by AJP Lawrence | 03 Sep 2006 15:09 (ed. Sep 3 2006) | Sheffield/London, United Kingdom | | Report spam→

I liked your show and the music fit well but are you not worried about liscencing issues with whomever
controls the Jimi Hendrix material?

by [former member] | 06 Sep 2006 03:09 | Montreal, Canada | | Report spam→
Mark, I pulled it. I notice people using music all the time for their projects and I wonder wheather or not
people have purchased licenses.

by Paul Treacy | 06 Sep 2006 03:09 | Manhattan, United States | | Report spam→
Perhaps I should just record the sound of a flag or flags flapping away in the wind. That might work.

by Paul Treacy | 06 Sep 2006 03:09 | Manhattan, United States | | Report spam→
thanks martin

by Dominic Bracco II | 06 Sep 2006 04:09 | Austin, Texas, United States | | Report spam→

I’ve asked about this on other forums recently and,apart from those who opt to take their chances,
quite a few who are using these types of multimedia pieces for commercial use or high-visibility self promotion
are buying royalty free (not neccessarily inexpensive,though) music.
If you’re musically inclined,you could try your hand at GarageBand

by [former member] | 06 Sep 2006 04:09 | Montreal, Canada | | Report spam→
Martin kindly posted a link to a piece I did http://www.martinshakeshaft.com/wp-content/strike84/movie/qtmovie.htm whilst I am a big fan of SoundSlides this was done using a ‘Rostrum Camera’, program. I like this method as you can almost dictate how people view an image. It allows you to draw peoples attention to specific areas of the image and to create images within images. The only problem is, that it is very time consuming…. That’s where SoundSlides comes into its own – It’s excellent for putting stories together quickly. Joe has done an great job – I was one of the Beta Testers for the new PC version. There is a SoundSlides version of the same images at http://www.martinshakeshaft.com/wp-content/strike84/av/index.html I would be interested to hear how people think they compare.



by Martin Shakeshaft | 06 Sep 2006 22:09 | Back home, United Kingdom | | Report spam→
I’d be interested if anyone had any experience with visual podcasting software like Vizacast or ChapterToolMe…or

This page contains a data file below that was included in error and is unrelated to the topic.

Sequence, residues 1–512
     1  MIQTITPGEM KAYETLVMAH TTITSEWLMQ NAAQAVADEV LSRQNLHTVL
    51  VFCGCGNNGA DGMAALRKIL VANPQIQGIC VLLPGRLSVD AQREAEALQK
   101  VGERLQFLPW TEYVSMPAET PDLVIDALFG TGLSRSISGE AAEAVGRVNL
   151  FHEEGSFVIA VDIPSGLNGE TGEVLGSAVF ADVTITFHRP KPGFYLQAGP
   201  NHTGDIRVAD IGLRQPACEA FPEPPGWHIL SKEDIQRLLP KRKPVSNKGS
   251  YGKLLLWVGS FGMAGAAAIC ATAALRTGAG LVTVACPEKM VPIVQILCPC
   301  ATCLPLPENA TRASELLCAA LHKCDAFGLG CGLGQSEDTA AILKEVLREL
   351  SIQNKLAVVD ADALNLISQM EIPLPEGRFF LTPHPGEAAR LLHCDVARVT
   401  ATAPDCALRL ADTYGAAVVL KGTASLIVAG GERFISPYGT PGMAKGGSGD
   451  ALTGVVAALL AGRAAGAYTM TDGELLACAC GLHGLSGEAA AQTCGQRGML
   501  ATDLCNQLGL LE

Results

anything else as I found those both pretty clunky.

Martin, I’m assuming you made your ‘Strike’ podcast on something like FCP and then exported it as an iPod file?

by [former member] | 07 Sep 2006 02:09 | London, United Kingdom | | Report spam→
I used a ‘rostrum Camera’ progam called Canopus Imaginate Two (PC Only sorry) to animate the individual images. These were then taken into Premier to be fine tuned. The original was for DVD distribution but I converted it for the iPod using QuickTime Pro. It would have been possible to use just Imaginate but Premier was better for editing the sound. I have tried FCP but Imaginate seems to render out a wee bit smoother.



by Martin Shakeshaft | 07 Sep 2006 09:09 | Back home, United Kingdom | | Report spam→
Learn from our mistakes: there are ideas in here that have been developed over ten years of trial and error.
For a good turorial, written by photojournalists – for photojournalists, go to http://audio.msnbc.com

by Robert Hood | 07 Sep 2006 12:09 | Seattle, Washington, United States | | Report spam→

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Alexander F. Yuan, Photojournalist Alexander F. Yuan
Beijing , China
Bruce Meyer, Photog/teacher Bruce Meyer
Tokyo , Japan
Frederic de Laminne, Frederic de Laminne
Namur , Belgium
j, j
Antwerp , Belgium
David Gross, Photographer David Gross
Los Gatos , United States ( SJO )
Jonathan Castner, Photojournalist Jonathan Castner
Denver , United States
Jon Anderson, Photographer & Writer Jon Anderson
Photographer & Writer
Ocala Florida , United States
Katja Heinemann, Photojournalist Katja Heinemann
Brooklyn , United States
AJP Lawrence, Photographer/Graphic Desi AJP Lawrence
Photographer/Graphic Desi
Sheffield/London , United Kingdom
Paul  Treacy, Photographer Paul Treacy
London , United Kingdom ( LGW )
Dominic Bracco II, gringo Dominic Bracco II
Mexico City , Mexico
Martin Shakeshaft, Photojournalist Martin Shakeshaft
Barcelona , Spain
Robert Hood, Director of Multimedia Robert Hood
Director of Multimedia
(it's about faces)
Seattle, Washington , United States ( SEA )